While the optimum temperature for leaf infection is 26⁰C, infection can occur any time above 10⁰C but will just require a longer leaf wetting period (more than 24 hours at 10⁰C). With the frequent rains and overcast conditions, this hasn’t been out of the question.
If you are seeing frog-eye leaf spot now, you now know inoculum is present in the orchard or coming from a sporulating nearby source such as dead or decaying wood in an adjacent woodlot. Black rot produces 2 types of inoculum – ascospores (sexual spores), which are wind blown and conidia (asexual spores), which require a wet period and rain splash for release. Both begin to release shortly after bud break; however, the heaviest ascospore release occurs for a 4-6 week period following petal fall and fruit infection can occur at 20-24⁰C with 9 hours of wetting. In other words, if your protectant program considerations haven’t included black rot yet, now is the time! Registered products include captan and Pristine but efficacy of other scab products can be found in Table 2-3. Activity of Fungicides on Apple Diseases in the 2018-2019 Publication 360, Fruit Crop Protection Guide. While Allegro provides good control of bitter rot, it is not as effective against black rot.
Phytophthora Root Rot
The saturated soils this spring have created ideal conditions for Phytophthora crown and root rot. While symptoms may develop this year on young trees especially in heavy or water-logged soil, it is also possible infected trees may decline slowly over several years. Typically, purplish cankers can be found at the base of the tree at and/or below the soil line. Tissue necrosis under the bark is often reddish-orange with distinct margins. For more information, see Monitor for Phytophthora root, Collar and Crown Rot Diseases in Fruit Trees in the May 17, 2017 Hort Matters issue.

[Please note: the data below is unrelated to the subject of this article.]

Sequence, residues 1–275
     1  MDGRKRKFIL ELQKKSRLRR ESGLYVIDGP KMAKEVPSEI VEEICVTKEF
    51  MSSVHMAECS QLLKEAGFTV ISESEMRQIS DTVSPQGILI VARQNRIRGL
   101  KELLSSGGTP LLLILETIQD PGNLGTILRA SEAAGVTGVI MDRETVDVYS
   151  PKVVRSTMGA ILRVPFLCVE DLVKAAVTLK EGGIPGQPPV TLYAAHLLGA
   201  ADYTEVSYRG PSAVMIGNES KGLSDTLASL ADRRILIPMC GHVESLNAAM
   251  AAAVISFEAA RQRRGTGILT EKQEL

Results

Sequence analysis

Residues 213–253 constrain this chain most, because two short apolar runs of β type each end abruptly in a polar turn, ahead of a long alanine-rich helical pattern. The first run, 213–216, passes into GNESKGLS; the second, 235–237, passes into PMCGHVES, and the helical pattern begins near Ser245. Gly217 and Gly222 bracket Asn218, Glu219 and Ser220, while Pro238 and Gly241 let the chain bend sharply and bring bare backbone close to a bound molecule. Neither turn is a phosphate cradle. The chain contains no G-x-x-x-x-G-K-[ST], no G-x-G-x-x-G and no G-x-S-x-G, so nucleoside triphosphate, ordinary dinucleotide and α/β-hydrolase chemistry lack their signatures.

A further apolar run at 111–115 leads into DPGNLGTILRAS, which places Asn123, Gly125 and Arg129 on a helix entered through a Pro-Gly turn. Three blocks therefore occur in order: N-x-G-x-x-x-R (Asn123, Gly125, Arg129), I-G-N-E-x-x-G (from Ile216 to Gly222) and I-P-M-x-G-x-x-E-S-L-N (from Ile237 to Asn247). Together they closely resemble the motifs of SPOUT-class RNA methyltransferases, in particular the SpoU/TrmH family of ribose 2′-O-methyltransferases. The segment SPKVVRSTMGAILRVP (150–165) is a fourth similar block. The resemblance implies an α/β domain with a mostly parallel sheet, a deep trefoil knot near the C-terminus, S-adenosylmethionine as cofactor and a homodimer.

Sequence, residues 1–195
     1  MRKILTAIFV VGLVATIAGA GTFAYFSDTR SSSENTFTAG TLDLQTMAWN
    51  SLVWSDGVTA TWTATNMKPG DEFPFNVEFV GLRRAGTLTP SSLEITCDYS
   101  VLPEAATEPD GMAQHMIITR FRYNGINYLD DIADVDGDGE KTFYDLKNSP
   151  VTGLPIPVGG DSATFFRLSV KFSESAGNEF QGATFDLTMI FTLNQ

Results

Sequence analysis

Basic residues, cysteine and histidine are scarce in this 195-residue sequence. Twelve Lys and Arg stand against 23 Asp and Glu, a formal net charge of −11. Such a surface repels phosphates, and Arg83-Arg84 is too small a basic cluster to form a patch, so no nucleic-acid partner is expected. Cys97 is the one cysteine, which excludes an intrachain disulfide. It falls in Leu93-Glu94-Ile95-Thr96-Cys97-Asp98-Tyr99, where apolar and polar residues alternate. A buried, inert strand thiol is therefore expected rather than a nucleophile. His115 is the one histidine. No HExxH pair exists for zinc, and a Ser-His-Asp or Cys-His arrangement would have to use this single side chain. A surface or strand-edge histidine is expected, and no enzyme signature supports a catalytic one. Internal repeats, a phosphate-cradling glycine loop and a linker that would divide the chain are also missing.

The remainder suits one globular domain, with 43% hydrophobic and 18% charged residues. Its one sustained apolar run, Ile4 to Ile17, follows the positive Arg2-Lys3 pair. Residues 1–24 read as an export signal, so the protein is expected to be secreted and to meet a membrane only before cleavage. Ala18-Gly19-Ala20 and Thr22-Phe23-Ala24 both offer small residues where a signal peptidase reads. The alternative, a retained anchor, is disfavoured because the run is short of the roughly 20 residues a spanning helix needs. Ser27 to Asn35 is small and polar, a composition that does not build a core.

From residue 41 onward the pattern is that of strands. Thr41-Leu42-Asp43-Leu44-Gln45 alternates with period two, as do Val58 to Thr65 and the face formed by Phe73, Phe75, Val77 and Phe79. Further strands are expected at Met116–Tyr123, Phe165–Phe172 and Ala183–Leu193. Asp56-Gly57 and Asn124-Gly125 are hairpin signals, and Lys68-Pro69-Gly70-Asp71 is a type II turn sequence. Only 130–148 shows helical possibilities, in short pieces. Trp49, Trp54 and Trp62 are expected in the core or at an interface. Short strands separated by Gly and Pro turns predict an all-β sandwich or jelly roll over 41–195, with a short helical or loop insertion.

Symptoms of Phythophthora can often be confused with rootstock fire blight as well as rapid/sudden apple decline. Submitting samples to a pest diagnostic laboratory will help you determine the appropriate management required. If you’d like assistance with this, please contact me at 519-420-9422 or firstname.lastname@example.org.
It’s time to start thinking about blister spot in problem/susceptible blocks. The warm, humid and wet weather predicted may increase risk of blister spot particularly in Mutsu but also Golden Delicious, Red Delicious, Jonagold and Cortland. Bacteria build up on leaf and plant surfaces including weeds in the orchard. These are then rain-splashed onto developing fruit where they infect through the lenticels. Young Mutsu fruit are most susceptible beginning 2 weeks after petal fall lasting for about 6 weeks, or late July.
Petal fall insecticide application have begun. Some growers are concerned with rainfastness and the extent of rainfall in many areas. The following chart by John Wise, Michigan State University summarizes the general rainfast characteristics for common insecticide classes. To read the full article, see Rainfast Characteristics of Insecticides on Fruit.